Tag Archives: music-theory

What is piano chord?

Posted on August 12, 2020 by songtive

piano chords with Piano Companion

A piano chord is one of the main building-blocks of music in western culture. Along with scales and intervals, piano chords are responsible for the creation of cohesion and structure in essentially every song and piece of music.

A piano chord can also be defined as a collection of notes in a predetermined type of ordering. This ordering is based on the idea of stacking two notes over a root at a determined interval (distance) called a third. The three notes that make up a piano chord are respectively called root, third, and fifth due to the order in which they appear. A simple approach to playing your first piano chord would be to visualize them as a simple but abstract three-note structure that can be imposed over the white keys of the keyboard. Basically, an initial note then skips one key, press that one, and repeat the previous step.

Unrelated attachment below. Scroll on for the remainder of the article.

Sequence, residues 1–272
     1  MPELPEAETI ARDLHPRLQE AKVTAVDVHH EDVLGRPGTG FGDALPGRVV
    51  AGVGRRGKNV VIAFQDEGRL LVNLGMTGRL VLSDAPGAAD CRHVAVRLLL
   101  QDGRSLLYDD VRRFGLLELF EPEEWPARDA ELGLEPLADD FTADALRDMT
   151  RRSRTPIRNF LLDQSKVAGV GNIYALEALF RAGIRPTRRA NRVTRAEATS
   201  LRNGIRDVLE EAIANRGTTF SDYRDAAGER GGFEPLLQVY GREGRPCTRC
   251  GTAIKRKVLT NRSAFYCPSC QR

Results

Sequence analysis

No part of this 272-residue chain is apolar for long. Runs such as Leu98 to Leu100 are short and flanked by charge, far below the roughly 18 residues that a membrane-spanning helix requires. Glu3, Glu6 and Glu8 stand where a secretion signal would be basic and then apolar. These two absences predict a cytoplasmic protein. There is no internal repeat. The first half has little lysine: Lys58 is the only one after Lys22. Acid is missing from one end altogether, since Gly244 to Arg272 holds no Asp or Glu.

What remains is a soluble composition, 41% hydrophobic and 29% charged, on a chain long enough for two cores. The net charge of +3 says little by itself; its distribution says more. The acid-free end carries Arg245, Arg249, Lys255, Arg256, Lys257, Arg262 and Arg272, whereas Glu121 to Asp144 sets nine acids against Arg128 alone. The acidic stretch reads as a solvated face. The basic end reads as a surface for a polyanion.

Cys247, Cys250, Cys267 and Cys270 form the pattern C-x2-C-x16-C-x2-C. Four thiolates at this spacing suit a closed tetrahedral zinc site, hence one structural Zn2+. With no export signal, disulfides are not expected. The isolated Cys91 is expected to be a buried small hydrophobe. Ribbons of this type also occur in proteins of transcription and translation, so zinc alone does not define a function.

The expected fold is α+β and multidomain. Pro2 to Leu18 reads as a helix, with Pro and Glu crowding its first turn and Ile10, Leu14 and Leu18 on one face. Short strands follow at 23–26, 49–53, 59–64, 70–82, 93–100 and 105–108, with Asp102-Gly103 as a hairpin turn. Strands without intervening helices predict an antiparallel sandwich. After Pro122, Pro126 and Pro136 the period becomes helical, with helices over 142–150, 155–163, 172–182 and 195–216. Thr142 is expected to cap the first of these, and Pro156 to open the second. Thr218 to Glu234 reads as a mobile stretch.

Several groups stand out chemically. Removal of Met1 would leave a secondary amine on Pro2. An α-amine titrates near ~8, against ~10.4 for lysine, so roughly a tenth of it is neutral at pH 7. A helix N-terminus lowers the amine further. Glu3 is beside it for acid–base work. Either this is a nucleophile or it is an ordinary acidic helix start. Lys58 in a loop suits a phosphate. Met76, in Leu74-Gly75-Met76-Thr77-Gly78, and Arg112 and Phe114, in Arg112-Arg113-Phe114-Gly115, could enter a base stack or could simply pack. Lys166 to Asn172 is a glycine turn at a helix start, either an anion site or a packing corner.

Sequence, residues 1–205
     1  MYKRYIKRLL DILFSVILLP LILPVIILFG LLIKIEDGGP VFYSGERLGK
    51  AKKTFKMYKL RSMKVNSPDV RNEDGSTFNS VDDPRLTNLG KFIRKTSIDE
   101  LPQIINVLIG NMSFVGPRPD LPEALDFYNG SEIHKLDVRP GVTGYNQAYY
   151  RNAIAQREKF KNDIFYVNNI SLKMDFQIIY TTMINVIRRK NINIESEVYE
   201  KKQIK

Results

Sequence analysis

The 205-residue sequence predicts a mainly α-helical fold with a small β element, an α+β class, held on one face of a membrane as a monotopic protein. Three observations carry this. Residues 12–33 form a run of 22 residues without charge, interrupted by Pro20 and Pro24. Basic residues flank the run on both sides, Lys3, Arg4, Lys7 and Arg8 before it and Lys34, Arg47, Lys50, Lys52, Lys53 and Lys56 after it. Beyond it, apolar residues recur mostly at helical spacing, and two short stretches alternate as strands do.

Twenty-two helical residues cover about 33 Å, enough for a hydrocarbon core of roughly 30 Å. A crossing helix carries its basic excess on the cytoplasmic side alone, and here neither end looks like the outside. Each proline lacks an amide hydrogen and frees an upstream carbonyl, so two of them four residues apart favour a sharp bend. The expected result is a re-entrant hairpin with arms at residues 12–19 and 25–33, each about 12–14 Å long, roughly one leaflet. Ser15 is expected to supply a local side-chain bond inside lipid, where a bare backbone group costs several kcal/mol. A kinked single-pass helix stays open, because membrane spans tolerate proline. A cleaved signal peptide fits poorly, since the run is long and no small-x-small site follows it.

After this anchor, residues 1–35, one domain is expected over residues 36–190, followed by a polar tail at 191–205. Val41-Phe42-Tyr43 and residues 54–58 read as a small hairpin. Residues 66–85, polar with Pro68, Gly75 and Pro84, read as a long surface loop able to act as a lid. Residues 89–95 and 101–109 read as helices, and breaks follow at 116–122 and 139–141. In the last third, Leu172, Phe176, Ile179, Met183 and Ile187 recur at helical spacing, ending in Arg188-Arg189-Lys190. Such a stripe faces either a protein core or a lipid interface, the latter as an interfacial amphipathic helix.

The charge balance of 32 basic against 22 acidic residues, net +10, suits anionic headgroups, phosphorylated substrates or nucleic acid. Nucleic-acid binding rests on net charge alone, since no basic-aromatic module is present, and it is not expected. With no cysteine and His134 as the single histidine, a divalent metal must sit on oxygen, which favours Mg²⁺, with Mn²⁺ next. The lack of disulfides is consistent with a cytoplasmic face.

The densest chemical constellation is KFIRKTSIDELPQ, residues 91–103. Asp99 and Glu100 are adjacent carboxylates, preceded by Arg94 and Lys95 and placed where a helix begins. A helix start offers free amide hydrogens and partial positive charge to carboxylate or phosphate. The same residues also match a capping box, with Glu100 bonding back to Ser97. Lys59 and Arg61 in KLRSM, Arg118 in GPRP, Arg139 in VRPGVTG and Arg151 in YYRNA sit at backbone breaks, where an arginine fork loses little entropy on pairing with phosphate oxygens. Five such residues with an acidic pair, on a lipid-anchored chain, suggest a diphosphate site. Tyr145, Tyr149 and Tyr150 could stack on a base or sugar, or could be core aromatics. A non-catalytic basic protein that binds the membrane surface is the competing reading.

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Musical intervals and piano chord

To be able to learn to quickly construct piano chords, we should first examine their most fundamental building blocks, the aforementioned intervals. A musical interval is the measure of the distance between any two given pitches within a reference system. A good way of understanding intervals is through the use of the smallest possible distance between two distinct notes, the half step. This method to measure distance can be exemplified by playing any key of the keyboard and then playing the most immediate key over or under it. For example, C and C# or C and B. It should also be noted that our tuning system only contains twelve distinct pitches, meaning that after 12 half steps the system repeats itself with the last note carrying the same name as the initial one.